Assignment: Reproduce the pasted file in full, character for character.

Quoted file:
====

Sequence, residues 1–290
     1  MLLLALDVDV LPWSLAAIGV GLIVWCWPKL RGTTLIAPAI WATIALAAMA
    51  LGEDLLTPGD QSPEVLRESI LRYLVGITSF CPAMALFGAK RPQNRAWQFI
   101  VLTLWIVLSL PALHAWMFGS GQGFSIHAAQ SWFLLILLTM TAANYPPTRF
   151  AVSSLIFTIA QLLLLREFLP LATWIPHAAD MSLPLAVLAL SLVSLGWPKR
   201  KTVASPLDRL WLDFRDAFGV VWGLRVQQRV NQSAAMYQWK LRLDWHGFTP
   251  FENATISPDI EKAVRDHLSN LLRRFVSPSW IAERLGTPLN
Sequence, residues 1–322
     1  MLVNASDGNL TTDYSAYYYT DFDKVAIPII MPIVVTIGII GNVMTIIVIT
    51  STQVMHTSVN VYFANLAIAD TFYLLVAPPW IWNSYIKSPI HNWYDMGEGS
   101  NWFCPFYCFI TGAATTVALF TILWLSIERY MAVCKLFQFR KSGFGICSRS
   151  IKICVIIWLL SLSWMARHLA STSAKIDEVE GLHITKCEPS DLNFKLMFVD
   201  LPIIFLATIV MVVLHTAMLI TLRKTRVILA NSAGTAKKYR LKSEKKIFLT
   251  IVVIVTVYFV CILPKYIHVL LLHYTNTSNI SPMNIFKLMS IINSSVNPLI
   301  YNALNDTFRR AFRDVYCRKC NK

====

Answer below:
Sequence, residues 1–290
     1  MLLLALDVDV LPWSLAAIGV GLIVWCWPKL RGTTLIAPAI WATIALAAMA
    51  LGEDLLTPGD QSPEVLRESI LRYLVGITSF CPAMALFGAK RPQNRAWQFI
   101  VLTLWIVLSL PALHAWMFGS GQGFSIHAAQ SWFLLILLTM TAANYPPTRF
   151  AVSSLIFTIA QLLLLREFLP LATWIPHAAD MSLPLAVLAL SLVSLGWPKR
   201  KTVASPLDRL WLDFRDAFGV VWGLRVQQRV NQSAAMYQWK LRLDWHGFTP
   251  FENATISPDI EKAVRDHLSN LLRRFVSPSW IAERLGTPLN
Sequence, residues 1–322
     1  MLVNASDGNL TTDYSAYYYT DFDKVAIPII MPIVVTIGII GNVMTIIVIT
    51  STQVMHTSVN VYFANLAIAD TFYLLVAPPW IWNSYIKSPI HNWYDMGEGS
   101  NWFCPFYCFI TGAATTVALF TILWLSIERY MAVCKLFQFR KSGFGICSRS
   151  IKICVIIWLL SLSWMARHLA STSAKIDEVE GLHITKCEPS DLNFKLMFVD
   201  LPIIFLATIV MVVLHTAMLI TLRKTRVILA NSAGTAKKYR LKSEKKIFLT
   251  IVVIVTVYFV CILPKYIHVL LLHYTNTSNI SPMNIFKLMS IINSSVNPLI
   301  YNALNDTFRR AFRDVYCRKC NK